Early Analysis: UCLA vs. Stanford

 

No. 16 UCLA vs. No. 8 Stanford
Friday, 8:00 PM EST, FOX
Line: Stanford -8.5

Here’s to hoping that Friday evening’s second act in the play that is Stanford vs. UCLA is much better than the first act was last Saturday night. Stanford mauled the Bruins 35-17 in the Rose Bowl. UCLA wants to return the favor up on Leland Stanford’s Farm and get to play in the Rose Bowl on their home field January 1.

To do that, they will need to shore up some of the issues that they had last week. If you’re Stanford, you want to continue doing what you’ve been doing the last three weeks as you’ve knocked off the top two challengers in your division and then made a statement to your cross divisional opponent on their turf.

It might be a wet track Friday evening, as there is rain in the forecast for large parts of Northern California. That might make a difference with some other teams, but these are two running teams, and I think it might suit them just fine.

For UCLA to win: Protect the quarterback. One of the basic things about football is controlling the line of scrimmage. Stanford’s defense is very good against the run, and if you already know that the running game is going to be tough sledding, then you have to be able to keep your quarterback clean in obvious passing situations. Brett Hundley struggled last week, completing just over 50 percent of his passes. Oh, yeah, he also got sacked seven times. When your quarterback is on his back that much, it is kind of hard to win.

For Stanford to win: Take some chances. This doesn’t mean that Stanford should throw the ball 50 times in this game. But given what the Cardinal showed in the last game with UCLA six days ago, it might be safe to expect UCLA to focus more on stopping the Cardinal ground game and see how comfortable coach David Shaw is with letting his freshman quarterback toss the rock around the yard. In the four games that Kevin Hogan has played since taking over for Josh Nunes, he has only thrown it more than 29 times once, and that was in the overtime thriller against Oregon. Stanford might have to use more straight dropback passes, especially on first downs, to try and loosen up what should be a tighter UCLA run defense.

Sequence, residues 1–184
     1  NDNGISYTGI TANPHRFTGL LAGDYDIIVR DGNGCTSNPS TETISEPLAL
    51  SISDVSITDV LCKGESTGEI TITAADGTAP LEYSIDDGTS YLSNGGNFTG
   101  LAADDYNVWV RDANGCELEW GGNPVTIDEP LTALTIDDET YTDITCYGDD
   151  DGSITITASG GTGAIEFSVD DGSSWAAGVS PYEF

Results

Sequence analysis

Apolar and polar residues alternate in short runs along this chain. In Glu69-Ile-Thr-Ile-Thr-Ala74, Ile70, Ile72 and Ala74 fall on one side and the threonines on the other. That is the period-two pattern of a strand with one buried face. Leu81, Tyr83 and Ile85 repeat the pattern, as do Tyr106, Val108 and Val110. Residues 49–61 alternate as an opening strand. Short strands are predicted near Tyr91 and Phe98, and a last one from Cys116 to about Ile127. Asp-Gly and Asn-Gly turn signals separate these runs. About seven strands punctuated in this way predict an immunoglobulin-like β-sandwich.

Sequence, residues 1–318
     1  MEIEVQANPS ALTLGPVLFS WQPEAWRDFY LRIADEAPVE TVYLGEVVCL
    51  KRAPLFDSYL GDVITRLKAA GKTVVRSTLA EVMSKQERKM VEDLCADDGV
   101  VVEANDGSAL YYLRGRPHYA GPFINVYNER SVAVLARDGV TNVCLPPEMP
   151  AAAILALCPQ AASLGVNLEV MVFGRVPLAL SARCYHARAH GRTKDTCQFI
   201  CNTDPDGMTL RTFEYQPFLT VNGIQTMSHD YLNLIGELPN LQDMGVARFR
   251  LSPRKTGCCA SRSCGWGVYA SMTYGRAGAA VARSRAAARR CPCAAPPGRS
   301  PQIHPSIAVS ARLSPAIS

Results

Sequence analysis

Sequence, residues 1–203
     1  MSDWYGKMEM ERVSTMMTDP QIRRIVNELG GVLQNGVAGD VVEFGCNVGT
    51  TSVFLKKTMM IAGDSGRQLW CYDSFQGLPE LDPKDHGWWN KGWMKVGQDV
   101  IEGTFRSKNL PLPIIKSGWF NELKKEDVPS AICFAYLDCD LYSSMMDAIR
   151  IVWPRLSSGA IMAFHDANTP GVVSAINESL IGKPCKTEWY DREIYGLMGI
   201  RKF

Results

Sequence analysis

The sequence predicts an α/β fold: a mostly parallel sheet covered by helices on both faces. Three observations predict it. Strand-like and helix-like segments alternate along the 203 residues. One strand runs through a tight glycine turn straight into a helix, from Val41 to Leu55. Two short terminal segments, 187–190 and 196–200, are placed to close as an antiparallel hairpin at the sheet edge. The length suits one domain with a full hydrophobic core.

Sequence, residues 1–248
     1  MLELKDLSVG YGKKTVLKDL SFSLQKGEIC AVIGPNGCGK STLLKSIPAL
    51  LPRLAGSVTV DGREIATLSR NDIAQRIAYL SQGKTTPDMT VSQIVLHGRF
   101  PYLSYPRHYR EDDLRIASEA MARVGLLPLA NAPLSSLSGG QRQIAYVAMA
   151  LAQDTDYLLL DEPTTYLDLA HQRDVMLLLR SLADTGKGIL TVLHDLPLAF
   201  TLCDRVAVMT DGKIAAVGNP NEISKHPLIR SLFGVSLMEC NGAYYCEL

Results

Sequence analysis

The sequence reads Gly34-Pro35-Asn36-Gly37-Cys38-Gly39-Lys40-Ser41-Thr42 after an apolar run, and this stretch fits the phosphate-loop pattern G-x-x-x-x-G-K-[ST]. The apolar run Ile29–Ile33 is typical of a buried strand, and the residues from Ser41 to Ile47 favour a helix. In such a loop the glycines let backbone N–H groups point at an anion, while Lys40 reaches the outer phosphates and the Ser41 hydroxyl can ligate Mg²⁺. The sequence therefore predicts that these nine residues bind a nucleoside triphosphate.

Key Player, UCLA: Brett Hundley, quarterback. He has played well most of the year, and very well for a freshman, but Hundley is going to have to produce in this rematch. Yes, he was on his back a lot in the last game as was discussed earlier. However, he will have to go through his reads quicker and get rid of the ball before the pass rush gets there for his team to have a chance at winning this game. Hundley had his second worst game of the year last week against Stanford. If he performs at that level again, the Bruins have no shot of winning.

Key Player, Stanford: Kevin Hogan, quarterback. Freshmen quarterbacks are on display in this game on both sides, although the discovery of Kevin Hogan was a late season storyline. Ever since he took over for a struggling Josh Nunes, Hogan has been a revelation and the Cardinal offense has taken off. Hogan, however, will have to be able to rise to a possible challenge as presented by facing the same defense in less than a week; can he adapt to the wrinkles that are sure to be coming his way, and can he keep the offense on schedule?

Key Stat: 1999/2000. It has been well over a decade since both of these teams found themselves in the promised land of the Pac-12 conference. While UCLA plays every game at the Rose Bowl, they have not been in the January 1 game since 1999 when Cade McNown was quarterback of the Bruins and Bob Toledo was the head coach. The Bruins lost that game 38-31 to Wisconsin. The Badgers were led by Ron Dayne’s four rushing touchdowns.

Stanford last made a postseason trip to Pasadena in 2000 for the Rose Bowl. They also lost the game, although their loss was lower scoring, falling 17-9 to…a Ron Dayne-led Wisconsin Badgers squad. Dayne, who had won the Heisman Trophy that season, was named Rose Bowl MVP for the second straight season.

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